Operations of the conventional transistor circuitry will subsequently be described. The n-channel transistor 6 serves as a switch. When the input terminal 1 receives a high voltage, the control signal is at a high level and is applied to the gate electrode 4 to have the switching transistor 6 turn on so that the high voltage that has been received by the input terminal 1 is transmitted through the switching transistor 6 to the high voltage output terminal 3. By contrast, when the input terminal 1 receives electrical signals, the control signal is at a low level and is applied to the gate electrode 4 to have the switching transistor 6 turn off so that the electrical signals are supplied into the input circuit 2 and subsequently output from the signal output terminal 5.

The above described conventional transistor circuitry has a serious problem as described below. The above circuitry requires that the n-channel switching transistor be designed to have a considerable large channel width for an appreciable reduction of a voltage drop caused by the switching transistor. The large channel width of the switching transistor 6 necessitates a large occupation area of the switching transistor. This provides a difficulty in achieving a high density integration of the transistor circuits. The above circuitry further requires a booster such as a charge pump that generates a high control voltage to be applied to the gate electrode of the switching transistor 6, although an illustration of the booster or the charge pump is omitted. The booster or the charge pump also occupies a large area. This also provides a difficulty in achieving a high density integration of the transistor circuits.

To combat the above problem, another conventional transistor circuitry has been proposed, descriptions of which will be made with reference to FIG. 2A. This conventional transistor circuitry has an input terminal 10 for receiving a high voltage and electrical signals, a signal output terminal 12 from which electrical signals are outputted and a high voltage output terminal 14 from which a high voltage is outputted, in addition a power source voltage terminal 16 to which a power source voltage is applied. This conventional transistor circuitry has an input circuit 11 that is electrically connected in series between the input terminal 10 and the signal output terminal 12 for receiving the electrical signals from the input terminal 10 and for the subsequent supply of output signals to the signal output terminal 12. The transistor circuitry further has first and second n-channel transistors 21 and 22, both of which are electrically connected in series between the input terminal 10 and the power source voltage terminal 16. The transistor circuitry also has a charge pump 18 that is connected to a gate of the first n-channel transistor 21 for supplying a high voltage control signal S21 to the gate of the first n-channel transistor 21. The first n-channel transistor 21 has a source electrically connected to the input terminal 10 and a source electrically connected to an intersection 20, while the second n-channel transistor 22 has a gate receiving a control signal S22, a drain that is electrically connected to the intersection 20 and a source that is electrically connected to the power source voltage terminal 16. The power source voltage terminal 16 is applied with a power source voltage Vdd. The first and second n-channel transistors 21 and 22 have substrates that are grounded to provide a ground potential to the substrate. The transistor circuitry also has a third p-channel transistor 23 that is electrically connected in series between the input terminal 10 and the high voltage output terminal 14. The third p-channel transistor has a gate receiving a control signal S23, a source that is electrically connected to the input terminal 10 and a drain that is electrically connected to the high voltage output terminal 14. A substrate of the third p-channel transistor is electrically connected to the intersection 20 to provide a voltage Vsub of the intersection 20 to the substrate of the third p-channel transistor 23.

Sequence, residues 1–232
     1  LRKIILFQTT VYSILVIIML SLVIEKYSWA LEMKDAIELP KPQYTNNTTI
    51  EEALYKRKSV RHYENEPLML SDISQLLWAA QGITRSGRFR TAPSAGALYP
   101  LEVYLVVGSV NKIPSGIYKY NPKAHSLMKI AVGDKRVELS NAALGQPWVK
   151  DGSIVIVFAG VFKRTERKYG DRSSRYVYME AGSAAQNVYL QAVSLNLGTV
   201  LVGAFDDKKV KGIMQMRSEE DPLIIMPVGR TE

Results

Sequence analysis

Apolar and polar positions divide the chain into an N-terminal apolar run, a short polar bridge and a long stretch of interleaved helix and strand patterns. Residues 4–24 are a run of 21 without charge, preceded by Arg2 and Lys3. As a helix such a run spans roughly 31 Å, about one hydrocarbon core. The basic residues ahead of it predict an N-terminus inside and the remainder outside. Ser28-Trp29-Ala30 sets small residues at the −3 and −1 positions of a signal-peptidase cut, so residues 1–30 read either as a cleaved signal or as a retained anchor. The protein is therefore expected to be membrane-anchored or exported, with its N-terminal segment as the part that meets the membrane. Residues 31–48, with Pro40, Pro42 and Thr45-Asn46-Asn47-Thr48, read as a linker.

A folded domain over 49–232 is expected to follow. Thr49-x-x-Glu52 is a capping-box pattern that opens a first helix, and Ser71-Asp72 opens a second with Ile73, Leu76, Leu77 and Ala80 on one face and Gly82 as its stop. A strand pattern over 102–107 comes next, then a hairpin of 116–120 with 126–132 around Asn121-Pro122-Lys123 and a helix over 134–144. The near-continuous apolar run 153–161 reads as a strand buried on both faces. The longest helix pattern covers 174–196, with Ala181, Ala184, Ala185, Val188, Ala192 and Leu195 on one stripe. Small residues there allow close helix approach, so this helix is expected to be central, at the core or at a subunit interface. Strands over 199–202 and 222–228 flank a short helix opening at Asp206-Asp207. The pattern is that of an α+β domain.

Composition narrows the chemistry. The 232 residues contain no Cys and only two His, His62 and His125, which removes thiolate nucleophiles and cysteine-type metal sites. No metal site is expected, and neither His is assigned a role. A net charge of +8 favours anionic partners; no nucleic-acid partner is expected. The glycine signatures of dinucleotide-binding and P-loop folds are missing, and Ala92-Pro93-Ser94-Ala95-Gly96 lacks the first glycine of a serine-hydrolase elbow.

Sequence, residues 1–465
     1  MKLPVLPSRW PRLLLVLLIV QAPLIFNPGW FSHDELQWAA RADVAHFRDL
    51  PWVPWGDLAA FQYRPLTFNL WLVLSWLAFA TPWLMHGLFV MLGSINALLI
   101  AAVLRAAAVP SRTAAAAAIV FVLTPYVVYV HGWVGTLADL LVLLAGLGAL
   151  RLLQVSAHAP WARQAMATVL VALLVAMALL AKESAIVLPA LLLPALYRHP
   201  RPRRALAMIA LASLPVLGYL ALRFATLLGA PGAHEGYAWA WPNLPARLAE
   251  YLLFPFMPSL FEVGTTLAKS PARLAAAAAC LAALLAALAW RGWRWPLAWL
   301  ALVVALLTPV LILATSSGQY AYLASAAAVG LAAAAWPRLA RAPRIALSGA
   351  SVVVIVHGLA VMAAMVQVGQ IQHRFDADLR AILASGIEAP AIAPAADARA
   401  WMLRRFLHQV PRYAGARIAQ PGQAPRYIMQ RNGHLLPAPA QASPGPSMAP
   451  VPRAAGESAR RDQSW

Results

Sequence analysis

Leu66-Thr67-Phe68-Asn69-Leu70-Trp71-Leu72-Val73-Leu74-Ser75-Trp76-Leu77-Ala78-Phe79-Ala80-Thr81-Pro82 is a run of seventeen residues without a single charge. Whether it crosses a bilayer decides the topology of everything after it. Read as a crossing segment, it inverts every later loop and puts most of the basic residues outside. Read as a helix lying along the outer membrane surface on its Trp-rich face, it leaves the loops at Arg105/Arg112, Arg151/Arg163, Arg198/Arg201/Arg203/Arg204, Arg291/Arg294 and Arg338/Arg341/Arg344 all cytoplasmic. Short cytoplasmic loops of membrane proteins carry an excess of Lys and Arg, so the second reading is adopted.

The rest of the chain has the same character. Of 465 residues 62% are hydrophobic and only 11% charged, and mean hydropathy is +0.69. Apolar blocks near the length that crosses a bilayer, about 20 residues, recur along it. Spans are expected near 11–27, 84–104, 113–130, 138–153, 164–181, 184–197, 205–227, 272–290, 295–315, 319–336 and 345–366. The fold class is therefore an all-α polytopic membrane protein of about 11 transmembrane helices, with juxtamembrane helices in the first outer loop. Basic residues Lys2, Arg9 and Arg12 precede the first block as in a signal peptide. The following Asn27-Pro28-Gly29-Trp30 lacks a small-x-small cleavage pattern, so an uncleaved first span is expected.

Descriptions will subsequently focus on the operation of the conventional transistor circuitry with reference to FIGS. 2A and 2B. The input terminal receives an electrical signal, a voltage of which is in the range of from the ground potential to the same voltage as the power source voltage Vdd as well as the high voltage Vpp. The charge pump 18 may generate a higher voltage V than the voltage Vdd.